(CN) – A federal judge in Manhattan rejected American International Group’s claim that its former CEO and his company sold millions of shares of AIG stock that had been earmarked for “generations” of AIG executives.
AIG claimed Maurice “Hank” Greenberg and Starr International Co. (SICO) made more than $4 billion by selling the stock.
U.S. District Judge Jed S. Rakoff upheld a jury’s verdict in July that the insurer failed to prove there was a written agreement that the retirement program was created by and for AIG.
AIG claimed an oral trust was created in 1970 during a company reorganization, which put nearly one-fourth of AIG’s market capitalization in Starr. Starr is a private company whose foundation is AIG’s stock.
The insurer claimed the investment was “designed to benefit AIG” by creating a deferred compensation program for its management.
“‘Put it in writing’ is the law’s way of saying ‘get serious.’ In many circumstances, oral commitments are just too slippery to be enforced,” Judge Rakoff wrote in his 59-page opinion.
“The law will not recognize such an oral trust unless the evidence of its creation is unequivocal,” he wrote. “This is a burden that AIG has not come close to shouldering.”
The judge ruled on one claim for breach of trust.
AIG hadn’t been able to convince the jury, either. It argued that Greenberg was lying in order to conceal the existence of the trust, and that he “looted” the AIG stock in retaliation for being forced out of the company amid an accounting scandal in 2005.
Greenberg resigned from AIG after 38 years as CEO. The same day he stepped down, Starr directors met and removed all AIG employees from Starr’s board.
Greenberg and the board had the AIG stock certificates flown from New York to Bermuda, where they were deposited into an account. Greenberg began selling some of the stock and investing in businesses that, at the time, competed with his former company. He also canceled the AIG compensation program.
AIG sought $4.3 billion in damages.
“It was the court’s distinct impression, based on the jurors’ ‘body language,’ that the jury did not credit certain portions of Greenberg’s testimony; but the jury found in SICO’s favor nonetheless,” the judge wrote.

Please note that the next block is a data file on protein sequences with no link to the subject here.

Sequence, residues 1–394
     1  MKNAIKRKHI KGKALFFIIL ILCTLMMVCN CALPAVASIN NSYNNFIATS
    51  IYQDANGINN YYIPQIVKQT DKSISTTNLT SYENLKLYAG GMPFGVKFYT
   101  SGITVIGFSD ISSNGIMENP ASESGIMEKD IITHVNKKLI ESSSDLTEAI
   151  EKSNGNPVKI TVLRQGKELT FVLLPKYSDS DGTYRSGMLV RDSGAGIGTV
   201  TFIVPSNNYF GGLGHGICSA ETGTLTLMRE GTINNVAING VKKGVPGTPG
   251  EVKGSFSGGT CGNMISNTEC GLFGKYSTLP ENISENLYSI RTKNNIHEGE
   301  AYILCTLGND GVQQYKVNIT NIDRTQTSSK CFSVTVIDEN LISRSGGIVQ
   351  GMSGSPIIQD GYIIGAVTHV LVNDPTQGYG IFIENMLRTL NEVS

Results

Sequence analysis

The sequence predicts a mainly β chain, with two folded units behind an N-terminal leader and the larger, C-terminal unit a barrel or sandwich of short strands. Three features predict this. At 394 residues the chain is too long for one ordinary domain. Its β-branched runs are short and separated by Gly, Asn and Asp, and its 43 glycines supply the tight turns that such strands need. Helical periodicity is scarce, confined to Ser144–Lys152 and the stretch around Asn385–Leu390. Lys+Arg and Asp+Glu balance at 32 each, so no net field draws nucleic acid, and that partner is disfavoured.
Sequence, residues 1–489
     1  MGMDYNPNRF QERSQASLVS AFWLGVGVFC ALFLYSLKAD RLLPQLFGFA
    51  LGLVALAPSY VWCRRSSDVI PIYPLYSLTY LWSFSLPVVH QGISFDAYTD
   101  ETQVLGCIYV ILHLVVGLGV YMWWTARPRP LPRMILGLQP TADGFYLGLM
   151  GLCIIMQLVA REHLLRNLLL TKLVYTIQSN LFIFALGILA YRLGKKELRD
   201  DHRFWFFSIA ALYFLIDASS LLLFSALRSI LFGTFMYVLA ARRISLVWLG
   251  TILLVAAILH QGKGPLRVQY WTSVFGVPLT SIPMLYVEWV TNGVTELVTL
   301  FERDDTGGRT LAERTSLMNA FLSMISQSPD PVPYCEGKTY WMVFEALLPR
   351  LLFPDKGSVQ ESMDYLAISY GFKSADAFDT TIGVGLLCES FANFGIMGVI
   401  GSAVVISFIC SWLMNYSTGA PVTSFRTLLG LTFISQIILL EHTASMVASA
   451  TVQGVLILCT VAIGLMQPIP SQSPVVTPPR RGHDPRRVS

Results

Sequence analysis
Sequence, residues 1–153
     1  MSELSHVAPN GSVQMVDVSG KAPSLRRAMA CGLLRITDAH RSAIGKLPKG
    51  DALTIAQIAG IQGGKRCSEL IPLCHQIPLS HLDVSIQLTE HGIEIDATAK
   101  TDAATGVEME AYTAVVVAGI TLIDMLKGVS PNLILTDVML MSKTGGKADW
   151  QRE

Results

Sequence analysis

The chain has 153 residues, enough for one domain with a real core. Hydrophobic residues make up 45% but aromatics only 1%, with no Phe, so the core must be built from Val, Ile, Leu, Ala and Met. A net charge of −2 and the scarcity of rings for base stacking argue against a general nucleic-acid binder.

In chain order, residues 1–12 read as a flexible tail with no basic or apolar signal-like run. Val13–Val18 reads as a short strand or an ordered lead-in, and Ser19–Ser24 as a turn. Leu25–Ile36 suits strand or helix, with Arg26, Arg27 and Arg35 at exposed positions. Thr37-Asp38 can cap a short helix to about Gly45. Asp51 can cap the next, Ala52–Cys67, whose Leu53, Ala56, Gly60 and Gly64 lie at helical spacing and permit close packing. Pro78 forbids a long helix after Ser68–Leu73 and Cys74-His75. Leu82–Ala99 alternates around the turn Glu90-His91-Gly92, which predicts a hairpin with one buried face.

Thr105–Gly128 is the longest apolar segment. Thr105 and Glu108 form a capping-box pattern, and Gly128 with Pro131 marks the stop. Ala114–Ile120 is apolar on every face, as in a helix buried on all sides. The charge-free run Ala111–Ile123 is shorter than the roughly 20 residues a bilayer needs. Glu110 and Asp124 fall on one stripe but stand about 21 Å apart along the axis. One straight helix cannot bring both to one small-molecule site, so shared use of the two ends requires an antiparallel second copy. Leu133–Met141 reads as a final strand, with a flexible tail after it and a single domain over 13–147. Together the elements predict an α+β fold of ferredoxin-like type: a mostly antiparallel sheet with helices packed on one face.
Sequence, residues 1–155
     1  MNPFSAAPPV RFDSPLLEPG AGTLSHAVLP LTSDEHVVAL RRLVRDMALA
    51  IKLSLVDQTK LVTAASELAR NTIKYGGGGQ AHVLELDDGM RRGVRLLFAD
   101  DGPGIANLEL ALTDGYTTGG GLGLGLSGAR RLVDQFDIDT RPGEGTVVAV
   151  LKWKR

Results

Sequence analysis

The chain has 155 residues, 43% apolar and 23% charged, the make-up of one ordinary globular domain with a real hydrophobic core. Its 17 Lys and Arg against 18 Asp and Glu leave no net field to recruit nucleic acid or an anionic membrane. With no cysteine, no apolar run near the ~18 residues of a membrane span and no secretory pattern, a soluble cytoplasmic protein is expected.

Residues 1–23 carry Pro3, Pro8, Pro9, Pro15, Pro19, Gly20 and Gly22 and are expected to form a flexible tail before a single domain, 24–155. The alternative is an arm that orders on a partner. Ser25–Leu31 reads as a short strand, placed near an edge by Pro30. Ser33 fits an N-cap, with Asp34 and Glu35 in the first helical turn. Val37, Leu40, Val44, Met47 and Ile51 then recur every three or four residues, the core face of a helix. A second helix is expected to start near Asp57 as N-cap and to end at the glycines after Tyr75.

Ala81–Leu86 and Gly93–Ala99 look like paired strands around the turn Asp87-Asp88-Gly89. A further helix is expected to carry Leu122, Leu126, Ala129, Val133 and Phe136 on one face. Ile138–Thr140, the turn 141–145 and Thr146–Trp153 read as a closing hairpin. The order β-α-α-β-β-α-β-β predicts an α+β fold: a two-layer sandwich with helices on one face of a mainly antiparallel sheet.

AIG produced no witnesses who could testify that the trust existed. This included company directors, executives, auditors, lawyers and employees.
“So strong is the evidence against the existence of the trust,” Judge Rakoff wrote, “SICO’s counsel even argued at trial that it was simply a concoction of AIG’s counsel.”
Judge Rakoff said that assertion is not entirely fair, because Greenberg himself referred to the retirement funds “as a kind of trust.”
Greenberg believed the 1970 reorganization was an “unprecedented act in U.S. business history.” He reportedly said the AIG shares in question “should not be used to enrich the then-shareholders of Starr, but should instead be held by them as fiduciaries for future generations of AIG management,” according to Fortune magazine writer Carol Loomis, who wrote a book about the history of AIG. Greenberg said he wanted the trust to continue for “hundreds of years.”
AIG also claimed Greenberg repeatedly said the goal of the trust was to be able to fend off any hostile takeovers of AIG.
The jury deliberated for less than a day after a three-week trial, showing that “in the end, it appears that the case was not, in the jury’s eyes, a close one,” Rakoff wrote.
“Similarly, the court, having made its independent assessment of Greenberg’s credibility, concludes that his testimony and the truth did not always converge; but the inaccuracies were not as material as AIG argued.
“Still at other times, his testimony was, in the court’s view, entirely truthful,” the judge wrote. “In the end, however, it was the other evidence, and not Greenberg’s testimony, that this court found persuasive in reaching this verdict.”
Or lack of evidence, for that matter. AIG’s downfall was that it couldn’t produce the smoking gun, namely any written evidence, to prove Starr was obligated to continue funding AIG’s deferred compensation program.
“It borders on the incredible that a public company would commit shares representing approximately one-fourth of its total market capitalization to a trust of which it is the sole beneficiary without the slightest documentation of this fact,” Rakoff wrote.